4 min

Flexibility counts

Ben Newcomb's all he can eat

PSYCHO-BURLESQUE, PERFORMANCE ART/COMEDY DANCE TROUPE: All You Can Eat gave Ben Newcomb the space to grow as an artist and a person. Credit: Kevin Teneycke

Ben Newcomb has been shaking things up with his infamous dance troupe, All You Can Eat. They bring their own style of anti-establishment dance performances to hot shows and parties. Ben is Peter-Pan-meets-Prince-meets-Michael-J- Fox-meets-the-dancer/stunt double-for-Jennifer- Beals-in-Flashdance.

Michael Venus: So gimme the scoop on what’s been going on in your life? Ben Newcomb: With All You Can Eat, we have been doing tons recently as well as going through a lot of changes and sort of reformatting everything. We’re trying to get everything together, like our video reel and a website up, as well as setting up photo shoots. Heather, Nikki and I are collaborating a lot more-which is great because I have way more of a creative role now. When I started in the group I was only 17 and I knew nothing back then (almost six years ago).

MV: Legitimizing? Bringing it to the next level?

B: Yea, exactly. We’ve been around for that long and we’re putting all our resources together, which is going to be a whole hell of a lot of work.

MV: Describe All You Can Eat for the poor unfortunate souls who haven’t experienced the almighty power with their own eyes yet.

B: A psycho-burlesque, performance art/comedy dance troupe. We took a bit of everything and that’s the best part of it all because it allows us to play with many different genres. We have different acts that can cater to more of a straight crowd or a gay crowd. Undoubtedly the gay crowds are the best.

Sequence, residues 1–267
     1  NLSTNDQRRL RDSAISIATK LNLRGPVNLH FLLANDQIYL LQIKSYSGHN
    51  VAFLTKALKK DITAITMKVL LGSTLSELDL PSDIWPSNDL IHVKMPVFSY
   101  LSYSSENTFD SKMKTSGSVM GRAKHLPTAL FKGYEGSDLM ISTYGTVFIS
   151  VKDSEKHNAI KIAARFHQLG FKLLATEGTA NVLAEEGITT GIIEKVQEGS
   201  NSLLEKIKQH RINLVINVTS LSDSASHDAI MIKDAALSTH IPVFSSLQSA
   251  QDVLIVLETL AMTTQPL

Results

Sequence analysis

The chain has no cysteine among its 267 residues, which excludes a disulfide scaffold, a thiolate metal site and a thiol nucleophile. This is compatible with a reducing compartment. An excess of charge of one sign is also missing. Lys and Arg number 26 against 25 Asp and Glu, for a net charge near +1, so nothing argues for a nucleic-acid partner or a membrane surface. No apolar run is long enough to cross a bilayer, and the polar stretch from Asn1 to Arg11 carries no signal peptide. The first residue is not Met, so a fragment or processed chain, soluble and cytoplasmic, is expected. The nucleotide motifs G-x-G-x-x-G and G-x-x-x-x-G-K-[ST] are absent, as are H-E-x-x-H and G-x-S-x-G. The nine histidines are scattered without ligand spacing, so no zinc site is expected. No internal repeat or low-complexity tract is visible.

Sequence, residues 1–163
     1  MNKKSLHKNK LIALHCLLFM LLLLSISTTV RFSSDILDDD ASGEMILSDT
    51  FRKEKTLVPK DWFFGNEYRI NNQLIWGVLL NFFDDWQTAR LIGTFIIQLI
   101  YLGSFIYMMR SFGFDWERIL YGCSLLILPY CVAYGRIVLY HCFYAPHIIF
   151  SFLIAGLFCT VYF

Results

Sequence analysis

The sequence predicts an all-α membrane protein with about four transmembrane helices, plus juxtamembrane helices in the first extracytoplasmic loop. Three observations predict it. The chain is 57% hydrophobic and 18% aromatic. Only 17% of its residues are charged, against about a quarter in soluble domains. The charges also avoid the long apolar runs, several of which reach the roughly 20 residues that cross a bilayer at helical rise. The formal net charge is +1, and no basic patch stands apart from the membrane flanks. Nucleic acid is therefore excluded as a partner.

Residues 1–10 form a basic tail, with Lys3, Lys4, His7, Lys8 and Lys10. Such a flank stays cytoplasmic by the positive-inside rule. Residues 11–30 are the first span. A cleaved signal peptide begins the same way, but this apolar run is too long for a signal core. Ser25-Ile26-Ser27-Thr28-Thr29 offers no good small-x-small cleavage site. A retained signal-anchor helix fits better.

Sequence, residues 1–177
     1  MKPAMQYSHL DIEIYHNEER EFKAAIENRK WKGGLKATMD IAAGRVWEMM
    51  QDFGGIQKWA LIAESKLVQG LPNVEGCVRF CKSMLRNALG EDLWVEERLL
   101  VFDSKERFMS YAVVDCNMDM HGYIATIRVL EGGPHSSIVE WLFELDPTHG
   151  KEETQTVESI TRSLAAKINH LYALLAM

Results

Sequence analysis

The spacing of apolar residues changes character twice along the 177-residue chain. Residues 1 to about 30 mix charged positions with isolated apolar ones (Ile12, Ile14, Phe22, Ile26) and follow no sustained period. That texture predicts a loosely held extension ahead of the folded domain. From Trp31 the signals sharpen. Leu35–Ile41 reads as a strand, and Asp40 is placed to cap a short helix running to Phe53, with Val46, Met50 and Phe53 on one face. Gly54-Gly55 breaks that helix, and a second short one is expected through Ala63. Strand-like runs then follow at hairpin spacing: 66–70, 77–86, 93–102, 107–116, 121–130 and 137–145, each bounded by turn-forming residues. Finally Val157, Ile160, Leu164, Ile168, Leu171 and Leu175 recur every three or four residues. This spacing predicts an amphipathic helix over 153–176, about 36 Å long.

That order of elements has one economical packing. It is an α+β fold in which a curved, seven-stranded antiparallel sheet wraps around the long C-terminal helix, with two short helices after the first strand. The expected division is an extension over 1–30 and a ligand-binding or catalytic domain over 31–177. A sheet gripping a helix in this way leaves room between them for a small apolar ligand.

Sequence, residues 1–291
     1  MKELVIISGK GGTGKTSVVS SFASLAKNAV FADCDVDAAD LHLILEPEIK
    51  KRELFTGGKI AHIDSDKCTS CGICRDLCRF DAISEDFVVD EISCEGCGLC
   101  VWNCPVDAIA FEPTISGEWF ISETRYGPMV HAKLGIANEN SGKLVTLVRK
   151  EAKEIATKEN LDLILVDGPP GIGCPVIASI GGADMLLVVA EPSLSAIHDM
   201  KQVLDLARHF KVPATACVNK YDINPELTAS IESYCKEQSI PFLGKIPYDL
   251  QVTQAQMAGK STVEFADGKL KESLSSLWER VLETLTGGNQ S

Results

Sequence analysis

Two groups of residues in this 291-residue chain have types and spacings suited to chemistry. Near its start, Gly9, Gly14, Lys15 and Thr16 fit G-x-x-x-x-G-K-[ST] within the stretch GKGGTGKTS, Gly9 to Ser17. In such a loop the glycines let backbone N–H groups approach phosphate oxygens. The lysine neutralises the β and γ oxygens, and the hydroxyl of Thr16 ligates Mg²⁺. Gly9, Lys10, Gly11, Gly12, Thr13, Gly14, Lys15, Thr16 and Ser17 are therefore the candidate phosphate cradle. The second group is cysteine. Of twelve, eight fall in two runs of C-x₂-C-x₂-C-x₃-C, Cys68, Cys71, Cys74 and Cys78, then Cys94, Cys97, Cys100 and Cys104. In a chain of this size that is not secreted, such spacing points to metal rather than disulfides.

MV: Why are they better?

B: They’re more enthusiastic, I guess and they have more of a taste for partying. They have more of a desire to see something, to have something live, lovely and sparkling on stage for them.

MV: What else can you say about All You Can Eat?

B: It’s been one of the most life changing things I have ever done; it has completely transformed me as a person since I started six years ago.

MV: Really? Why and how?

B: It’s interesting because the group of us (I don’t want to say ‘outcasts’) are in our element. I was kind of the odd-man-out growing up, especially in dance. Then I was thrown into this mix with four other people I could completely identify with. We all liked the same music and all liked the same kind of shock value but also still had the same integrity with our work. So, for me being able to work with these four people make me explode as a person. Heather, Nikki and Chris were all hugely part of what formed me to who I am today.

MV: So you’ve always been in dance?

B: Yeah, since I was six years old. My parents knew I was going to be a dancer since the first time they put on music. My sisters and I would erect ladders with long lengths of fabric and re-enact Disney movies when we were kids.

MV: Kinda always had the music in ya, eh?

B: Totally! Always had the music in me.

MV: Being one of the children of the new generation, what is queer life all about and how did you grow up with those issues around you?